For all things publishing--wisdom, trends, contractual--I deeply depend on my agent, Janet Grant of Books & Such Literary Agency, and she has never let me down. She's highly regarded in her field as the standard bearer for what makes a great literary agent. Not only does she come to her profession as a published author and editor extraordinaire, but in all things pertaining to life, faith, and friendship, she is a superb role model. Listen carefully to what she has to say. She knows what she's talking about. Also, Janet will be the agent for our spring Audience-with-an-Agent contest.
"You had me at the first line." Every author dreams of hearing readers proclaim that the first line of a book grabbed them by the lapels and wouldn't let them go. Rest assured that not only readers but also agents and editors are suckers for a great first line.
Let's look at some winners and some sleepers and see if we can figure out what makes one beginning work and another makes the reader work to wedge his or her way into the book.
"I should have known better than to respond. My personal planner was full enough without accepting anonymous invitations to dine with religious leaders. Especially dead ones." --David Gregory's New York Times bestseller, Dinner with a Perfect Stranger, in which the protagonist has dinner and a conversation with Jesus.
What I like: The cynical tone of the protagonist is served up to the reader at the get-go--and you like the guy. The juxtaposition of dining with someone who just happens to be dead is a grabber.
Here's the opening from my latest favorite novel, The Help, which depicts life for African American women in the South in the '60s, when many of them worked in white folks' homes, raising white babies, who would grow up to hate the black women who were like mothers to them as children.
"Mae Mobley was born on a early Sunday morning in August, 1960. A church baby we like to call it. Taking care a white babies, that's what I do, along with all the cooking and the cleaning. I done raised seventeen kids in my lifetime. I know how to get them babies to sleep, stop crying, and go in the toilet bowl before they mamas even get out a bed in the morning.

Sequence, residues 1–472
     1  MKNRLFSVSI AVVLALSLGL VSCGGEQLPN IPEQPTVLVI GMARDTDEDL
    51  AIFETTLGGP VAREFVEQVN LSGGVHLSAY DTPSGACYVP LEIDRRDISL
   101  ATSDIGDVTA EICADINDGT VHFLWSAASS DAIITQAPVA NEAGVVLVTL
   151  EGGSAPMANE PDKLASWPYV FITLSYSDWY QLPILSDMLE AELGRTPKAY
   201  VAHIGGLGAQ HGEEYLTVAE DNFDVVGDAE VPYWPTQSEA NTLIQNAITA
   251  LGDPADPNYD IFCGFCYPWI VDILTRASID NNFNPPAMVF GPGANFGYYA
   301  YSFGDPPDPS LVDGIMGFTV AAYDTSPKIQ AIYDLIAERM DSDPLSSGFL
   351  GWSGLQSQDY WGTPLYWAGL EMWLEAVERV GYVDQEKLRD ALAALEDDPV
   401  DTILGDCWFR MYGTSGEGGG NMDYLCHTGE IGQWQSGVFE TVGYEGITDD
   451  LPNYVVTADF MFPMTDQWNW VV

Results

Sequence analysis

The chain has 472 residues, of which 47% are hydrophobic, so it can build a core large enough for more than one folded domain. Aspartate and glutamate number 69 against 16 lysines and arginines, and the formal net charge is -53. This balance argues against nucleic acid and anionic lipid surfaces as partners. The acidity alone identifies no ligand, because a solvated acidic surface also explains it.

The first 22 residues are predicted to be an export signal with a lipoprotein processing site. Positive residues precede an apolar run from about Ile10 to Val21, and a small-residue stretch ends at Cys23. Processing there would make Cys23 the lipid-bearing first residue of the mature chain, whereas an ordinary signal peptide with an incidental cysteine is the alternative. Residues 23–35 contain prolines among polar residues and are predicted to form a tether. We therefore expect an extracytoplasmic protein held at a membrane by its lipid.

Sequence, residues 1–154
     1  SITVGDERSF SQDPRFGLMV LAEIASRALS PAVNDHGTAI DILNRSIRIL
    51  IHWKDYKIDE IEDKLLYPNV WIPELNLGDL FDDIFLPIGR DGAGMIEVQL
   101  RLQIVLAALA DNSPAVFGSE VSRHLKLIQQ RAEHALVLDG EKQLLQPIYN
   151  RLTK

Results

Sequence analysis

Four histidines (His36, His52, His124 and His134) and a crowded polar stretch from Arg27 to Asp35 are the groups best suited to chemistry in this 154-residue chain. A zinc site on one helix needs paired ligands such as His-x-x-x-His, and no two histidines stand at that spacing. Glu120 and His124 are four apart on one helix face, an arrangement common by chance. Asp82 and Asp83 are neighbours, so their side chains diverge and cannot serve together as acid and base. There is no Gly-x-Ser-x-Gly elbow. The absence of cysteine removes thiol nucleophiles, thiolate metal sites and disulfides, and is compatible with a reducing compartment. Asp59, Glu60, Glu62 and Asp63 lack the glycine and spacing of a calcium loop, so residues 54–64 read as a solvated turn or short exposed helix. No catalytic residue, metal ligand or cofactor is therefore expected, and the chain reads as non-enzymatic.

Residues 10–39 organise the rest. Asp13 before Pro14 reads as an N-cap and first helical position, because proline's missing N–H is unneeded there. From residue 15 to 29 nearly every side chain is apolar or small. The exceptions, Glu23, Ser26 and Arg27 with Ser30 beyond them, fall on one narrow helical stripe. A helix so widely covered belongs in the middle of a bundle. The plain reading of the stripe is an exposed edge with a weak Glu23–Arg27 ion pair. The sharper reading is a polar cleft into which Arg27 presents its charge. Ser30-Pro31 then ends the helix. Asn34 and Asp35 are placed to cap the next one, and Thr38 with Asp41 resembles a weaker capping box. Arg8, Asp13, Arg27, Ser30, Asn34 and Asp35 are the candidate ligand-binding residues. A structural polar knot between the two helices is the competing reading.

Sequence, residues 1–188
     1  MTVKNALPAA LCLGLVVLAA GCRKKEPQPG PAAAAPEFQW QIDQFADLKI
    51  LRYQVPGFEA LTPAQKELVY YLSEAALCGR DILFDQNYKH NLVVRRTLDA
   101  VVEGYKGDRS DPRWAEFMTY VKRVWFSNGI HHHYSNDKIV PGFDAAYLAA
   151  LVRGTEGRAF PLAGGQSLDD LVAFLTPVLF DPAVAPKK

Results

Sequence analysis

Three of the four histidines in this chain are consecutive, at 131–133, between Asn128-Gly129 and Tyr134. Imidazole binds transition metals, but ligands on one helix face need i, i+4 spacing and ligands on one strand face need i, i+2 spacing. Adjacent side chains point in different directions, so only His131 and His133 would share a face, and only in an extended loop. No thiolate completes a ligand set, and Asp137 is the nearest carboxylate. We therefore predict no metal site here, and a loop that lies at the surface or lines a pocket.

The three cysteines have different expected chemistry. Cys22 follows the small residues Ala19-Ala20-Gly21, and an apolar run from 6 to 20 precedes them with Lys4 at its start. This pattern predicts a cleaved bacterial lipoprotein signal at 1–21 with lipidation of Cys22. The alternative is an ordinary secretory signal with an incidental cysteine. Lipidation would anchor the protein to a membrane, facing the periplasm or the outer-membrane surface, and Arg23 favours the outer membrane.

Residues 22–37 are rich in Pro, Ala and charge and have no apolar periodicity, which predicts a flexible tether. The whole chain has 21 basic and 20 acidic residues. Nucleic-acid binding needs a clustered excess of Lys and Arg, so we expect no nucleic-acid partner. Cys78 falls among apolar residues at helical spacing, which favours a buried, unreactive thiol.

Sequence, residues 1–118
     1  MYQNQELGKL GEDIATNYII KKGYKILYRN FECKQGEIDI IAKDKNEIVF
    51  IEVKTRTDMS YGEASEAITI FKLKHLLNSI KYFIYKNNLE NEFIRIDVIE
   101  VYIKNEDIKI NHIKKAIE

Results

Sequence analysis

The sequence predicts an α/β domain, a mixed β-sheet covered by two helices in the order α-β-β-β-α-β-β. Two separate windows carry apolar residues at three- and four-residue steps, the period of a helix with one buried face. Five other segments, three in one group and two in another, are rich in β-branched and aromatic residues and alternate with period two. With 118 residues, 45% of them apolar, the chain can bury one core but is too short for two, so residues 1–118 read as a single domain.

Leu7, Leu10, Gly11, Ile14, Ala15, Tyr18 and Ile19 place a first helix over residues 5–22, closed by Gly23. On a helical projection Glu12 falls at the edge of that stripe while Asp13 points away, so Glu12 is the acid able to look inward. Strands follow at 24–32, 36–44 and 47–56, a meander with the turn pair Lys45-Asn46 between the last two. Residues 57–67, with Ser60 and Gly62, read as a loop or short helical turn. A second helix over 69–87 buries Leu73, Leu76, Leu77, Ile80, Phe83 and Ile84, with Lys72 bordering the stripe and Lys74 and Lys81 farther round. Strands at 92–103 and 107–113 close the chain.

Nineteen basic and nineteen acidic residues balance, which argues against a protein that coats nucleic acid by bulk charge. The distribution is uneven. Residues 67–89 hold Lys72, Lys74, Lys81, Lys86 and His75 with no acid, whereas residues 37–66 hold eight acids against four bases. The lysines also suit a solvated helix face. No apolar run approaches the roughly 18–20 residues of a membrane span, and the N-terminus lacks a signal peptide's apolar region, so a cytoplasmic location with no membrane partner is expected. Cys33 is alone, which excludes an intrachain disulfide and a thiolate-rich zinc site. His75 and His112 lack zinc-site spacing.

"But I ain't never seen a baby yell like Mae Mobley Leefolt. First day I walk in the door, there she be, red-hot and hollering with the colic, fighting that bottle like it's a rotten turnip. Miss Leefolt, she look terrified a her own child. 'What am I doing wrong? Why can't I stop it?'
"It? That was my first hint: something is wrong with this situation."
The author, Kathryn Stockett, has, in the matter of a few sentences, established the voice of one of the book's protagonists, introduced us to her life, and shown us a conflict that weaves its way through the book--a child not loved by her mother but by the black "help."
Now, here's an opening that didn't work especially well for me. It's from Water for Elephants, a book that I came to adore, but it took time to grow on me.
"Only three people were left under the red and white awning of the grease joint: Grady, me, and the fry cook. Grady and I sat at a battered wooden table, each facing a burger on a dented tin plate. The cook was behind the counter, scraping his griddle with the edge of a spatula. He had turned off the fryer some time ago, but the odor of grease lingered."
No tension exists in this opening paragraph. It sets the stage for life in the circus during the depression, but I'm not finding anything to hook me and pull me in.
The second paragraph begins to do that work, but I'm still not wowed: "The rest of the midway--so recently writhing with people--was empty but for a handful of employees and a small group of men waiting to be led to the cooch tent. They glanced nervously from side to side, with hats pulled low and hands thrust deep in their pockets. They wouldn't be disappointed: somewhere in the back Barbara and her ample charms awaited."
Just as I evaluate openings in books I'm reading, so too I gauge how long it takes for me to be pulled into a manuscript. And I'm not alone in putting lots of weight on a project's beginning; many a book lived or died based on its first page.
What openings have grabbed you by the lapels and insisted you read on? What books did you have to persist in getting involved with--or didn't push you into the content fast enough so you abandoned reading them?